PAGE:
Grand Rounds: TOPIC: Customer Service in Healthcare

I want to start this week’s Grand Rounds’ blog with my own blog post. I asked for postings on customer service and I have one to share. My 17-year-old son has been having some issues with depression and social anxiety. We got him in to see a therapist and his family practitioner prescribed a low dose of Prozac, both of which seemed to be helping until he hit a crisis when his girlfriend broke up with him. He literally fell apart and scared us to death.

His therapist called me back the night of the crisis within 5 minutes of my leaving a message with the answering service. He was only in town for a week before leaving for vacation, but he saw our son twice and called our son’s primary care doctor to suggest upping the antidepressant dose. The doctor called me one evening to say she totally concurred and, since our son’s therapist would be out of town the following week, wanted to see our son herself.

I was so touched. I have never had an MD (who wasn’t a psychiatrist) want to see me (or anyone in my family) for anything other than a strictly physical illness. Not only that, but I knew that she was dealing with her own health crisis–a 6-month-old with Down Syndrome who had just undergone open heart surgery. Her caring and understanding literally made me cry; and my son really enjoyed talking to her. She–and my son’s therapist–have restored quite a lot of our faith in clinicians, not to mention our son’s mental health.

Now, onto the blogs!

Although I asked for blogs related to customer service in medicine, I did promise those would not be the only ones I would highlight. Along those lines, I have to be selfish and nominate a blog I work on, Pediatric Perspectives, which provides topics of note for community pediatricians and family practitioners. The blog is supported by the Helen DeVos Children’s Hospital and written by yours truly with the incredibly fabulous input of many of the hospital’s clinical staff. The most recent posting is on the American Academy of Pediatrics’ recommendations on swimming lessons for kids.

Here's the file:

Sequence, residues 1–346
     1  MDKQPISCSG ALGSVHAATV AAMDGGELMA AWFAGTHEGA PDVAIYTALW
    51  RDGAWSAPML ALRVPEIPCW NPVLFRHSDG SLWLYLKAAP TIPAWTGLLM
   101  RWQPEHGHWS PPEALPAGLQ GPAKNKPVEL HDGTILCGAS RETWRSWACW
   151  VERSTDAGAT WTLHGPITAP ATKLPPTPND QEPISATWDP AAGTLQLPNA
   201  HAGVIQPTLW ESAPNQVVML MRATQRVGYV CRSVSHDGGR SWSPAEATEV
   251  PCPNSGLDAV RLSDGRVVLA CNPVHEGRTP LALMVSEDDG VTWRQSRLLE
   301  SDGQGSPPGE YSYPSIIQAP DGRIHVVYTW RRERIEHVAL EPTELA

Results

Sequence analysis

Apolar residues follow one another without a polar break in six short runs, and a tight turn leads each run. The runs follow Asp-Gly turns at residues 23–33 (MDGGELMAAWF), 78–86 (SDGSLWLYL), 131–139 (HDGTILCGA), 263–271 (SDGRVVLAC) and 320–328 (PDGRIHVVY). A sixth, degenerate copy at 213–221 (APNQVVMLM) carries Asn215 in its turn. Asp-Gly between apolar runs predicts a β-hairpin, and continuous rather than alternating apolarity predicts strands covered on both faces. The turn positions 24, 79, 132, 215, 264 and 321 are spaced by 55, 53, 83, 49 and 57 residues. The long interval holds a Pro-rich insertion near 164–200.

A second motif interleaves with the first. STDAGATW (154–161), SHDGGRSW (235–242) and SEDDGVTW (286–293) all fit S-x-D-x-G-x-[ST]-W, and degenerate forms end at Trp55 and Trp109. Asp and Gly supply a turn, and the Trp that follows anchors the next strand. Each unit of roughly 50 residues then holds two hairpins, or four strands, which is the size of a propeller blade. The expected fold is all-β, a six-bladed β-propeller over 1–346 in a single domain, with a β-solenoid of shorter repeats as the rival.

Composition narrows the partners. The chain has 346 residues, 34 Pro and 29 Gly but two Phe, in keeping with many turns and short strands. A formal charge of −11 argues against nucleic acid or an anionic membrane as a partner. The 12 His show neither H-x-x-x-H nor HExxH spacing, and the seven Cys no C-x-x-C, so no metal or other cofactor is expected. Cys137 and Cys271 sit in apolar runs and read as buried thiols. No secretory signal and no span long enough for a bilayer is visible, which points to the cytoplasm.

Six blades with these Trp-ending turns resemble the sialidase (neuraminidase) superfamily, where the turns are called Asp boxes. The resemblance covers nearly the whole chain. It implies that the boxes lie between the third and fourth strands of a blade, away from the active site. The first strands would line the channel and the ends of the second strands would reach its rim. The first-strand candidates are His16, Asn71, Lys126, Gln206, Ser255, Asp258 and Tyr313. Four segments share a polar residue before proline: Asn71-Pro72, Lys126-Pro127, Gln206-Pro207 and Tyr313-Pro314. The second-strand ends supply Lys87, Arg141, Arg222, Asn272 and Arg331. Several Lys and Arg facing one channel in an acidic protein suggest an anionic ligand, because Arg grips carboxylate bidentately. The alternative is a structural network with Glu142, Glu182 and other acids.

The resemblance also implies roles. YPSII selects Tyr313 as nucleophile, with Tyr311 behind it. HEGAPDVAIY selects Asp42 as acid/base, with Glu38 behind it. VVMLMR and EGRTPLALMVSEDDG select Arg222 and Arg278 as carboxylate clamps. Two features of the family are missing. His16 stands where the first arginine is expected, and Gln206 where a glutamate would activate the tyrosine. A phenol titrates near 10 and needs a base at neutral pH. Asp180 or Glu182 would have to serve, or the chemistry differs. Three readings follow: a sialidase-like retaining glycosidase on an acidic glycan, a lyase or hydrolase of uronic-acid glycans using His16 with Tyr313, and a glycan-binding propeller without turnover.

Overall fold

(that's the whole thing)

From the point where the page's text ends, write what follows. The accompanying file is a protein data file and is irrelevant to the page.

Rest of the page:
Enough self promotion!

Do want to know what life is like for surgeons? How about a surgeon from the nearly unpronounceable town of Mpumalanga, South Africa (yes, the same country in which the Soccer World Cup is now occurring). Then check out “Other Things Amanzi.” This week the surgical resident shares his experiences with the busiest  rotation of all: vascular surgery.

Initiate Systems, an IBM-owned healthcare IT company one might never think of when it comes to medical blogs, let alone ones based on customer service, just posted a fantastic blog by Jamie Welch, Chief Information Officer at the Louisiana Rural Hospital Coalition, Inc about using information to improve rural health care. The post contains some great metrics and a case study demonstrating how medical customer service has improved for underserved patients in rural Louisiana.

Meanwhile, Initiate’s director of product marketing, Deanna Nole, wrote a post last winter on how to use relationships to improve patient care.

Want to hear about customer service from the patient perspective? Then hop over to the Life of a Grad Student with Lupus. This is not a hearts-and-roses kind of blog, but that one that hits hard where it hurts–and one that any clinician in the field should be reading to get a sense of how what you say and do impacts your patients.

How about customer service from the perspective of one who lives on the other side of the “pond?” That’s what Henry Stern’s INSUREBLOG offers. The blog covers  insurance issues, principles and solutions related to healthcare in the UK. The one we’re highlighting here is a frightening post about how 3,000 patients die each year because of short staffing in UK hospitals over the weekends.